YEAR B: HOMILY FOR THE 17TH SUNDAY IN ORDINARY TIME
Sunday HOMILY THEME: “There is a boy here who has five barley loaves and two fish. But what are they among so many people?” (John 6:9)
BY: Fr. Robert deLeon, CSC
A small boy with a little bit of food stands at the edge of a hungry crowd of 5,000 who are perhaps cranky and certainly weary from a climb to the top of a mountain, all in pursuit of this mysterious man, Jesus. I imagine that boy looked at the little food he’d brought and at the hunger in the eyes of the many before him, and he remembered a familiar story:
“It was a chilly, overcast day when the horseman spied the little sparrow lying on its back in the middle of the road. Reining in his mount, he looked down and inquired of the fragile creature, ‘Why are you lying upside down like that?’ ‘I heard the heavens are going to fall today,’ replied the bird. The horseman laughed. ‘And I suppose your spindly legs can hold up the heavens?’ ‘One does what one can,’ said the little sparrow.” (Original source unknown) Some years back, I met others who have stood firm in the face of a seemingly hopeless cause, doing what one can to save others from destruction. I saw these men and women, some themselves as fragile-looking as sparrows, holding the weight of utter despair from crushing the poor, the homeless, the addicted, the generally left out and forgotten about. These men and women are the Franciscans who staff St. Francis Inn, an inner-city Philadelphia respite of nourishment for body and soul. Actually, I met these Franciscans through their video, entitled “We Have a Table for Four Ready.” For an hour I toured with them squalid neighborhoods and decrepit apartments. Arms heavy with hungry children, I saw the tears of mothers unable to feed their own. I heard the despair of elderly homeless whose nightly mattress was a cold street grate. And amid the dirt, the pain, the tears, the hunger and the desolate poverty, something small but real worked its way to the surface—laughter.
These Franciscans had the keen vision to perceive a need perhaps even more acute than food, clothing and shelter. Before anything else, these women and men of the Gospel nourished those at their door with a warm love and genuine respect, great bear-hugs, loud kisses and hearty slaps on the back a testimony to their kinship with their guests at St. Francis Inn. At the meal’s conclusion, the guests left with hunger tended to, at least for a few hours, and it didn’t seem to matter a bit that what satisfied their stomachs would dissipate so quickly. They all knew (and so did I by the smiles on their faces) that warm love and genuine respect go a long way in filling that deep-down emptiness. This is the enduring foodstuff of St. Francis Inn. One does what one can, and it matters, it makes a difference. That small boy on the mountaintop with the little bit of bread and a few fish remembered another story:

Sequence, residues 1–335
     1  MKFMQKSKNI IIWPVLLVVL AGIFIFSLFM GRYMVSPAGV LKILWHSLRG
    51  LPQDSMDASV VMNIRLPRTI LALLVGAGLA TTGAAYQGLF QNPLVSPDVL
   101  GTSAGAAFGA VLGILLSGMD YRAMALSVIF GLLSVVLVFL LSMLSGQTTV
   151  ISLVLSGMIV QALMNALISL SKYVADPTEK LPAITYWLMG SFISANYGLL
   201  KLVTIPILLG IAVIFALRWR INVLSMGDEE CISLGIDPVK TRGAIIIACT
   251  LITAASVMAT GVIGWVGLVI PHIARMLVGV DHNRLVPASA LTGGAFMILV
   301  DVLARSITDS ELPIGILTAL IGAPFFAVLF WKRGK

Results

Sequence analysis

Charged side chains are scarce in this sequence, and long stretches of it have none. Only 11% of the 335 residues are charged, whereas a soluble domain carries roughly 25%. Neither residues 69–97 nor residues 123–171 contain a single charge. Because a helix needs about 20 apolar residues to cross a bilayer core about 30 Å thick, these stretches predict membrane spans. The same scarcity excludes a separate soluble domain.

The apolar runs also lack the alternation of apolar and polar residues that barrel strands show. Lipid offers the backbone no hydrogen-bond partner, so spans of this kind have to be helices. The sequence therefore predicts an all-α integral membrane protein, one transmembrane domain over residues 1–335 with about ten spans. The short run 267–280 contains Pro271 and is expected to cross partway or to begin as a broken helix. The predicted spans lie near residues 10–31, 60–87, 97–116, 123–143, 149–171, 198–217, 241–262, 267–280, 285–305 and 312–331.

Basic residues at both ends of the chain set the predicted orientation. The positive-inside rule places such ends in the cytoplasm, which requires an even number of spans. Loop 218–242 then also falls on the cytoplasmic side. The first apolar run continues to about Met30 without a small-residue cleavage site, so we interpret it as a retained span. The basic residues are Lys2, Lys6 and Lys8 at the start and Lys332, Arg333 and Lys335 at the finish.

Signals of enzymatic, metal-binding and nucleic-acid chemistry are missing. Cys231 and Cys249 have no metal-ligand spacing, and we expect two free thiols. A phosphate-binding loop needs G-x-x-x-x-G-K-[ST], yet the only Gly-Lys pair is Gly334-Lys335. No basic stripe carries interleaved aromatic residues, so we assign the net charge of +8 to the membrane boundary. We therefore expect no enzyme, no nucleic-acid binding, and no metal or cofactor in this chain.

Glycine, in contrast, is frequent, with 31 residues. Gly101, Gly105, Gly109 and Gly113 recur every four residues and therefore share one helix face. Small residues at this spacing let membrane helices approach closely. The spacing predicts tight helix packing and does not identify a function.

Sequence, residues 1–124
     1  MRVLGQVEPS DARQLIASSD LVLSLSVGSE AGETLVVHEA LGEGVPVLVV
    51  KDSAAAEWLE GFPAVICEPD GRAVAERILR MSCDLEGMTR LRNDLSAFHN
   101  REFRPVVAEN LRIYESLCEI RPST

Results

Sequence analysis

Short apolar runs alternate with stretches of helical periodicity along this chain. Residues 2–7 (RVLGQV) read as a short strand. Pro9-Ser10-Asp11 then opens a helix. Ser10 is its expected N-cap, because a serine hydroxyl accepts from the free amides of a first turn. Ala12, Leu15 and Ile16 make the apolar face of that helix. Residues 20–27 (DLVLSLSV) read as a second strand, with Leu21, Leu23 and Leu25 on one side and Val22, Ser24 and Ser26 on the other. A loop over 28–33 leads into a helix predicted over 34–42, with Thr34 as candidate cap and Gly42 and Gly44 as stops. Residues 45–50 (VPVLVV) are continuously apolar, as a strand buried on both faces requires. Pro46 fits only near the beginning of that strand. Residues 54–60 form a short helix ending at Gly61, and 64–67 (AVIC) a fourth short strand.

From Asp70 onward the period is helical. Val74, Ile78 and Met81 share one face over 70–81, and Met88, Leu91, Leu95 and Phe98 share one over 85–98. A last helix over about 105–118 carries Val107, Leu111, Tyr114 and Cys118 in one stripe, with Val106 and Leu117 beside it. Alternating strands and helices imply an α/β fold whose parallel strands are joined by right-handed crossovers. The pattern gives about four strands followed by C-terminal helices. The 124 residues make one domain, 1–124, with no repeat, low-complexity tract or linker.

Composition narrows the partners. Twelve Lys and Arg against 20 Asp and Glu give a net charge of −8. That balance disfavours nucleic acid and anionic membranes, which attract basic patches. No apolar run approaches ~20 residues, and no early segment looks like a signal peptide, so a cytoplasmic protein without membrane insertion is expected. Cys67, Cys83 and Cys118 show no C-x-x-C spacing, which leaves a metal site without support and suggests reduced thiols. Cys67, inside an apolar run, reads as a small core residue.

“One day a man was walking along the beach when he noticed a figure in the distance. As he got closer, he realized the figure was that of a boy picking something up and gently throwing it into the ocean. Approaching the boy, he asked, ‘What are you doing?’ The youth replied, ‘Throwing starfish in the ocean. The sun is up and the tide is going out. If I don’t throw them in, they’ll die.’ ‘Son,’ the man replied, ‘don’t you realize there are miles and miles of beach and hundreds of starfish? You can’t possibly make a difference!’ After listening politely, the boy bent down, picked up another starfish, and threw it into the surf. Then, smiling at the man, he said, ‘I made a difference for that one.’” (Loren Eiseley, The Star Thrower) One does what one can, and knowing that even he could make a difference, the small boy elbowed his way to the center of the grumbling crowd and shyly handed his lunch sack to the man who seemed to be at the center of things. Jesus took what little the boy could offer and so multiplied it that the leftovers were hauled down the mountainside in baskets.